Most people started spending a good chunk of their lives commuting to work in their cars. Lacking the corner stores that were so abundant in the cities, they became accustomed to driving to the nearest filling station or strip mall just to buy a quart of milk.

There is no group of workers more in touch with the problems of urban sprawl than transit workers. We see all sides of it through the passengers we carry, to the traffic we drive in, to the fight for public funding.

Kansas City has a proud transit heritage. We had the first electric-powered streetcar. We once had an extensive network of streetcar lines, which included many miles of exclusive right of ways. In the 1930s this was supplemented with electric trolley-bus lines.

At its peak, during World War II, the system carried nearly 400,000 passengers a day in a city that at the time had a population of only 400,000. Such a system would cost many billions to replicate today.

Then KC not only got hit by the general trend of postwar sprawl. We were also one of a number of cities targeted by General Motors, who covertly acquired transit systems in order to destroy them. The streetcar and trolley-bus lines were eliminated. They paved over tracks and sold the overhead wires for scrap.

They did this on an even grander scale in Los Angeles. Different forces brought a similar outcome to the Twin Cities and, ultimately, nearly every major city.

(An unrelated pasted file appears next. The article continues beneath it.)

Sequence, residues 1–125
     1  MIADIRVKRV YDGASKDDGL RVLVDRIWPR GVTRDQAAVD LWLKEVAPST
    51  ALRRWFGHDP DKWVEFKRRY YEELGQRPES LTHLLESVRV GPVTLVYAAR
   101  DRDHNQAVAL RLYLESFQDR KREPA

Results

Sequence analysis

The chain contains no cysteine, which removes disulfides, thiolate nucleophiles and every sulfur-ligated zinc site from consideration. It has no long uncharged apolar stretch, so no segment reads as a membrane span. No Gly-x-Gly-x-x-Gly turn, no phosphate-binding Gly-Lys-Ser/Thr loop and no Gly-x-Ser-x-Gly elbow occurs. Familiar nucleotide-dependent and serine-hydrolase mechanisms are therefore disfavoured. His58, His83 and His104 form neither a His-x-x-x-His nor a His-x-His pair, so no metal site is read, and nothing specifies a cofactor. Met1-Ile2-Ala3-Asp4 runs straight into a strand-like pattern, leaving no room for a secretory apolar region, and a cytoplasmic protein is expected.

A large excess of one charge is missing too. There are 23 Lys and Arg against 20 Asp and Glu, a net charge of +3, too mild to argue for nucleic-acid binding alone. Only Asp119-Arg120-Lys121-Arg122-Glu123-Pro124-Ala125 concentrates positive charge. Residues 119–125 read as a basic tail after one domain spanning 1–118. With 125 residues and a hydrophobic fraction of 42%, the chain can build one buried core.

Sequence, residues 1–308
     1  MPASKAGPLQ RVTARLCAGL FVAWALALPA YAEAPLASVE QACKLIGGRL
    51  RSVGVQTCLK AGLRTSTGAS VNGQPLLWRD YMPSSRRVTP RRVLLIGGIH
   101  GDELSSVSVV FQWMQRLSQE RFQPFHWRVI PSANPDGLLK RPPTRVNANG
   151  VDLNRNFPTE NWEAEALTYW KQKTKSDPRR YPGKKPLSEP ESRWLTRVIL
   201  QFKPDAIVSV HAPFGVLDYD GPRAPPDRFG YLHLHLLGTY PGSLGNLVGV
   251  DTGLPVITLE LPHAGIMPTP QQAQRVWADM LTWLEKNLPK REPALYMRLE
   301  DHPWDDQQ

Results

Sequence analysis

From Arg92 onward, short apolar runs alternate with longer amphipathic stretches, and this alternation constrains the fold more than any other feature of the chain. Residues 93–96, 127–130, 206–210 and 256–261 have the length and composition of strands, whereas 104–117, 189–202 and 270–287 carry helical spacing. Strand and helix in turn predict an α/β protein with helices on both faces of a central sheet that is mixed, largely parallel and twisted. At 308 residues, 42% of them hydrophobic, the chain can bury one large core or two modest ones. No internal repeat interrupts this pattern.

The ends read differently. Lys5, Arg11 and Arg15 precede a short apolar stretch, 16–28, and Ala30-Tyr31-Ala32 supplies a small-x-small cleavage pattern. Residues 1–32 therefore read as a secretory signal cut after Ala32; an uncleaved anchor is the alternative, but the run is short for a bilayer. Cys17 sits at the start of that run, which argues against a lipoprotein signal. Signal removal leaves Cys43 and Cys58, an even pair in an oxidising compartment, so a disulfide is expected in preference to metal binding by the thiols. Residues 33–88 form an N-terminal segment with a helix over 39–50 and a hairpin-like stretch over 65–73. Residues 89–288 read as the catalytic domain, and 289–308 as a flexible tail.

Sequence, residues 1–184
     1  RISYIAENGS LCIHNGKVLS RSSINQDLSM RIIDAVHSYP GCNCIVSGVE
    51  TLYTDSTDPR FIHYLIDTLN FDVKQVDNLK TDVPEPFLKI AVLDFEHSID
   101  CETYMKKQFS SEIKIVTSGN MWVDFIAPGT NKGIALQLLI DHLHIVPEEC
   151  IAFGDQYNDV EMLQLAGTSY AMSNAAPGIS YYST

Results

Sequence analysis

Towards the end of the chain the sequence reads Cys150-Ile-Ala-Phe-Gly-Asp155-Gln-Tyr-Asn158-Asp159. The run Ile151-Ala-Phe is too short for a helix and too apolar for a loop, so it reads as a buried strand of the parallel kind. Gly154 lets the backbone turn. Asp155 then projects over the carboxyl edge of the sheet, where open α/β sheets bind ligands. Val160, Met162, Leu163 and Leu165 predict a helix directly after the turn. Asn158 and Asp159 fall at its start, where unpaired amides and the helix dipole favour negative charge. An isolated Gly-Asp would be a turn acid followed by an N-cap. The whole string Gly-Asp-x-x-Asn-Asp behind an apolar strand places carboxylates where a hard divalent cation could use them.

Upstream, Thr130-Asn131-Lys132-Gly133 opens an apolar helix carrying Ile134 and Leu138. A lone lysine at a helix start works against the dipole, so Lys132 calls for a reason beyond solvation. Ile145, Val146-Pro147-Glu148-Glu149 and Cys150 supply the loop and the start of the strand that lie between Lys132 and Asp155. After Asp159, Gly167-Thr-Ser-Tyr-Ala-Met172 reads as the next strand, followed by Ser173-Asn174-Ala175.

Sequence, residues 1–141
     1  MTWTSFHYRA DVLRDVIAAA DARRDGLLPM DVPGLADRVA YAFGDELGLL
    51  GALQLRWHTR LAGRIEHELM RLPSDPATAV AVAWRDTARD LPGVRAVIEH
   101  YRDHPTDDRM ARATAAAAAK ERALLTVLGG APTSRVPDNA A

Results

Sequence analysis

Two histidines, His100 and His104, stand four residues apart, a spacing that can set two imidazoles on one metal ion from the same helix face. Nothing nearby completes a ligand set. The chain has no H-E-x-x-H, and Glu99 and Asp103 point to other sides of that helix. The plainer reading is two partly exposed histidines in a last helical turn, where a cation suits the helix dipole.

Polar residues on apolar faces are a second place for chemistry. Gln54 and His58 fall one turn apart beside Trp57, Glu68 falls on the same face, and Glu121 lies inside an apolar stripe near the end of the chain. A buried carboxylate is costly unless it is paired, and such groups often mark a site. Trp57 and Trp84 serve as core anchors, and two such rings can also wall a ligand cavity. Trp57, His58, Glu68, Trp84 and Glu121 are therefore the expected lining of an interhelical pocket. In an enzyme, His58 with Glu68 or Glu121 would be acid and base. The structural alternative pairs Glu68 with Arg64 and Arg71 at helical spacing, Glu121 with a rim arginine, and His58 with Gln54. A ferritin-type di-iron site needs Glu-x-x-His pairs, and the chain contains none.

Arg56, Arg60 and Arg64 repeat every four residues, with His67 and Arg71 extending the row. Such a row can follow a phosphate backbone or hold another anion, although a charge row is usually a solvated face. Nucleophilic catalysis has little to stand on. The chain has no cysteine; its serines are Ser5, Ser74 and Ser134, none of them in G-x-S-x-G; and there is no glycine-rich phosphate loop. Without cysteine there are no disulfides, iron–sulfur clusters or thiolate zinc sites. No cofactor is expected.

In 1969 Congress passed the Urban Mass Transit Act. With the help of federal funding, the failed private transit companies were reorganized into quasi-public bodies. While this saved mass transit from extinction, it recast its role. Instead of a vital, commonly used public service in need of expansion, it was designed to primarily provide bare-bones transportation to those unfortunates without access to a car.

Diverting transportation funds from highways to transit was always like pulling teeth. What funding that was available was usually for big-ticket capital projects—such as building subways or light-rail systems where there was money to be made by construction contractors—while operating funds needed to provide day-to-day service shrank.

In 1992, in response to lost operating-fund assistance, the Kansas City Area Transportation Authority initiated a downsizing strategy that included, for the first time in many years, lay-offs of bus drivers. Some of us approached our local union president and sold him on the idea that we should organize a public fight against the cuts in service.

A Community Outreach Committee was launched that enlisted support from community, student, and environmental groups. Our committee submitted a petition with 8000 signatures protesting the cuts to the Kansas City, Mo., city council, who passed a resolution of support.